Norman-Teck said Mater Academy Charter High School in Hialeah Gardens is not currently at capacity and would welcome applications from transfer students, including those attending LBA Academy.

Mater Academy is one of four prominent charter school networks affiliated with the South Miami for-profit educational service provider Academica. The Mater, Somerset, Pinecrest and Doral academy networks pay millions in taxpayer dollars annually to Academica for administrative services. Academica has close financial ties to several current and former state lawmakers who have crafted lucrative laws and budgets benefiting charter schools, which are publicly funded but privately run.

Read more: A South Florida charter school network now runs a small district 500 miles away. Legislators with close financial ties to charters helped make that happen.

What is Somerset? A look at the South Florida charter school network leading Florida’s first school-district takeover

The vote on whether to close LBA Academy comes just months after the school entered into a formal business arrangement with Academica.

The school’s leadership recently terminated a management contract with Miami-Dade County Public Schools, which had been operating the school since its founding. This summer, the school entered a new agreement with Academica, in which the company charges LBA Academy $450 per student per year for services like staff recruitment and grant solicitation.

LBA Academy enrolled 135 students in 2018-19, according to the state Department of Education. Valderrama did not respond to a request for more recent numbers.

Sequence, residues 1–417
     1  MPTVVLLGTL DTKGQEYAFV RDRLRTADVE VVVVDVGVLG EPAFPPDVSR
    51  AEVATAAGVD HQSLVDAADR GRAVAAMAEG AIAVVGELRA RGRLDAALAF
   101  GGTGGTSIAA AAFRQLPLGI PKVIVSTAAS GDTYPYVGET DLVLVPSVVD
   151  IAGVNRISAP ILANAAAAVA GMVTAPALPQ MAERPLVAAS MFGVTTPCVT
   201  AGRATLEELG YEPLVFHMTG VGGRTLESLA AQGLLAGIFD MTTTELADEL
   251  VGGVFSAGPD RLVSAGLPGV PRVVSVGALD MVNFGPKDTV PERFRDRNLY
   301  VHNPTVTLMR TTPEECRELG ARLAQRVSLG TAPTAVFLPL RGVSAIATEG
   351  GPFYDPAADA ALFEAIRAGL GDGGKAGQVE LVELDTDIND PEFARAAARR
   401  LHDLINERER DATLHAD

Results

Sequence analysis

The school earned an A from the state this year, although its grade has fluctuated and it was D-rated in 2016. Its graduation rate in 2018 was 79.5 percent, compared to the Miami-Dade district’s 85.4 percent, according to the most recent available state data.

The school has enjoyed support from prominent Republican politicians. DeSantis addressed students on the school’s first day last fall, during his successful campaign for governor. The former congressman documented the visit on Twitter, hailing the school as an argument for expanding alternatives to public education like charters.

Rubio, Florida's senior U.S. senator and a Republican, delivered the commencement address at the school’s graduation in 2016. Bush, the former Republican governor and prominent charter-school advocate, is pictured with students at the school on the LBA’s website. Also in photos: former congressman and school board member Carlos Curbelo, current state Sen. Manny Diaz, Jr., and former state Rep. Michael Bileca.

Bernie Navarro, president of the mortgage lender Benworth Capital and current chair of the Miami Dade College board of trustees, was the founding governing board chair for the school and stepped down three years ago.

Jessica Bakeman is Director of Enterprise Journalism at WLRN News, and she is the former senior news editor and education reporter. Her 2021 project "Class of COVID-19" won a national Edward R. Murrow Award.